Scientists Uncover a More Efficient Way to Make Hydrogen Directly From Seawater

Researchers have recently developed a new, more efficient way of making hydrogen directly from seawater without desalination. This breakthrough could lead to a more viable green hydrogen industry as it reduces the cost and energy consumption associated with current processes.

Hydrogen holds great promise as a clean fuel source for many industries, such as manufacturing, aviation and shipping. Unfortunately, over 80% of total global hydrogen production currently comes from fossil fuels and is responsible for producing around 830 million tonnes of carbon dioxide per year*. To address this issue, scientists are trying to develop emissions-free ‘green’ hydrogen by splitting water molecules; however, this method is expensive and has not been commercially viable yet.

Now researchers at RMIT University have created an alternative approach which eliminates the need for desalination and also produces no toxic byproducts such as chlorine. Lead researcher Dr Nasir Mahmood, a Vice-Chancellor’s Senior Research Fellow at RMIT, said: “To be truly sustainable, the hydrogen we use must be 100% carbon-free across the entire production life cycle and must not cut into the world’s precious freshwater reserves.”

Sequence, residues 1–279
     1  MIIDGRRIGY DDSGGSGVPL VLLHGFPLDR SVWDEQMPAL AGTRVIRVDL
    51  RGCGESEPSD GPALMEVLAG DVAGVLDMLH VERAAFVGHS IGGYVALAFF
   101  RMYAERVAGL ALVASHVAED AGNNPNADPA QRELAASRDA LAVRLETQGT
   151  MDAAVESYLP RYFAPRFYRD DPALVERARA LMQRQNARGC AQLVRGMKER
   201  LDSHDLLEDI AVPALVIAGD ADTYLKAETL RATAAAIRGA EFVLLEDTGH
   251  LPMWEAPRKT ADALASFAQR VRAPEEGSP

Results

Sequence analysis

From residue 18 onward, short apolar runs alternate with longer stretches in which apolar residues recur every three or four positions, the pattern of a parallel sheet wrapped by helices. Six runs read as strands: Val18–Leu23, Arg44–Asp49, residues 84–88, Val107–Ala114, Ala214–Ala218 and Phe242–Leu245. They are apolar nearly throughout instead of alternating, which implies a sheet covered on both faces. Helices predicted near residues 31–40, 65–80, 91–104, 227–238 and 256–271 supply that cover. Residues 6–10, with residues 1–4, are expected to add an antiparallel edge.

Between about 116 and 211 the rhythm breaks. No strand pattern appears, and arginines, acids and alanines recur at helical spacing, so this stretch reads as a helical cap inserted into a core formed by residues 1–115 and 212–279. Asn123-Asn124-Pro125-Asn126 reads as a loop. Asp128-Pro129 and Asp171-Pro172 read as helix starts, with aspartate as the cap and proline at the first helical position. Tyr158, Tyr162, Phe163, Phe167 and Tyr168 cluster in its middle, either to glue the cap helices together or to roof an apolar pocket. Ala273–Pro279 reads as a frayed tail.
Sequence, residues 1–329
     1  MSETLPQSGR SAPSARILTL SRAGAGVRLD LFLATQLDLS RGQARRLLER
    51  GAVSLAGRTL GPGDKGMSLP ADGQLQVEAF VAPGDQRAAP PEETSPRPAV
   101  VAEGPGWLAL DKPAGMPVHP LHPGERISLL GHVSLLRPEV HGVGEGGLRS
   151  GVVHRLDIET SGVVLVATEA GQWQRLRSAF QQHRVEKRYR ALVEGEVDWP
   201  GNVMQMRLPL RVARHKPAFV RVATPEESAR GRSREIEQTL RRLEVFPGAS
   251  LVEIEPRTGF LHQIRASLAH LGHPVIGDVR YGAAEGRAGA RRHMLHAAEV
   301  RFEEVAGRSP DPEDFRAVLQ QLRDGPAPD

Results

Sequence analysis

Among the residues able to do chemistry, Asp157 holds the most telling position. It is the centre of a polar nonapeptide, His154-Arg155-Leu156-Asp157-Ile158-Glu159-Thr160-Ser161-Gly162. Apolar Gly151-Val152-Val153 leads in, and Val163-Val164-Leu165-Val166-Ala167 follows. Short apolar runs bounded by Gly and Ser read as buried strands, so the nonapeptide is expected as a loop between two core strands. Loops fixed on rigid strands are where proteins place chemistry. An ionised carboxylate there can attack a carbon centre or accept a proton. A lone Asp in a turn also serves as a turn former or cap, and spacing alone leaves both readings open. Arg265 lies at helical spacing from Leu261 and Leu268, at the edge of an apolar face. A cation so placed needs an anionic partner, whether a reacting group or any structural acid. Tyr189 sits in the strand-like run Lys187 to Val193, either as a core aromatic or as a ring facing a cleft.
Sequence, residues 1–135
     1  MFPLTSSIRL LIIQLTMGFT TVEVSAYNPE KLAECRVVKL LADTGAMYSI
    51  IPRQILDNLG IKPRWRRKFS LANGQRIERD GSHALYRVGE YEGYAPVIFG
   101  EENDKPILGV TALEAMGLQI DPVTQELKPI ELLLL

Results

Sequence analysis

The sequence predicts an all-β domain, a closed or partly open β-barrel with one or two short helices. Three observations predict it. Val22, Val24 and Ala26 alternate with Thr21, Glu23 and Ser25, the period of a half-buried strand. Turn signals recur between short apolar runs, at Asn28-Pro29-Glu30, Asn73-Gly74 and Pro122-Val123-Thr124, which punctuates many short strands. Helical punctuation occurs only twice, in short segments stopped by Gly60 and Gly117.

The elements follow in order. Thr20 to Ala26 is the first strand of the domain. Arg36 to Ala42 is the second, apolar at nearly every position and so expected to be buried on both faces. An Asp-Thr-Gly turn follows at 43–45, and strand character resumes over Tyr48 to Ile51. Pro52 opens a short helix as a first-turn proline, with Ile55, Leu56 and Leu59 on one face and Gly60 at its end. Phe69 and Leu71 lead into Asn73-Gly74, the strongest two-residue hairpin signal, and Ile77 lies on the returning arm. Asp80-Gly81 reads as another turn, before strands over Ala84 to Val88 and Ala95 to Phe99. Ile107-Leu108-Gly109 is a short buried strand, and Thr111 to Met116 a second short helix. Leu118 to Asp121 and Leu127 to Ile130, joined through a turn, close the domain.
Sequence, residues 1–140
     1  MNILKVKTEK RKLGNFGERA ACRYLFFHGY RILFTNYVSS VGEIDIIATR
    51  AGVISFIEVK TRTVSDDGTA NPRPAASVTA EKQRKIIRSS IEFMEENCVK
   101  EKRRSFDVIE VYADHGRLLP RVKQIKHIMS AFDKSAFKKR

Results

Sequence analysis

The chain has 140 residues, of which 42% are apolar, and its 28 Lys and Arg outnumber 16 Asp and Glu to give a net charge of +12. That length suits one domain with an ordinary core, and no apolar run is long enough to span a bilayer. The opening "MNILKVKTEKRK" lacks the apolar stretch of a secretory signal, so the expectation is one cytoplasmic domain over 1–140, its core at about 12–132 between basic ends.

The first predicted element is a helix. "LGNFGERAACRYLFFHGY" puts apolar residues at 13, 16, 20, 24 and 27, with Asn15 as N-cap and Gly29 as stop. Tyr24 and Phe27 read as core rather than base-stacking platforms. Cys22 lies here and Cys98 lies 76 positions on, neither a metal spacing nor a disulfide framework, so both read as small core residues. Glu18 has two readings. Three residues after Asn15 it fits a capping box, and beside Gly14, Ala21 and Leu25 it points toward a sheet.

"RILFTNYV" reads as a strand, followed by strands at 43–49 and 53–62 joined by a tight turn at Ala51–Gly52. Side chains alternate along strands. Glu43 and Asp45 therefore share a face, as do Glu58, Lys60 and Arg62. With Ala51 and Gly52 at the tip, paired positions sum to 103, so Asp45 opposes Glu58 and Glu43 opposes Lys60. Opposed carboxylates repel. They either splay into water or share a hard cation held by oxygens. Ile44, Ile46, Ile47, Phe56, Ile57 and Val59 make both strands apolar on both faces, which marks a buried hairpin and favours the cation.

The new process involves using an electrolyser to split seawater into its component elements of hydrogen and oxygen in an economical manner. To make this possible, the team focused on developing highly efficient catalysts that can be manufactured cost-effectively. Their findings were published in the Wiley journal Small, and a provisional patent application for their new method.

With this development in green hydrogen technology, we may soon see a thriving industry emerge that allows us to access clean energy sources without compromising efficiency or sustainability.

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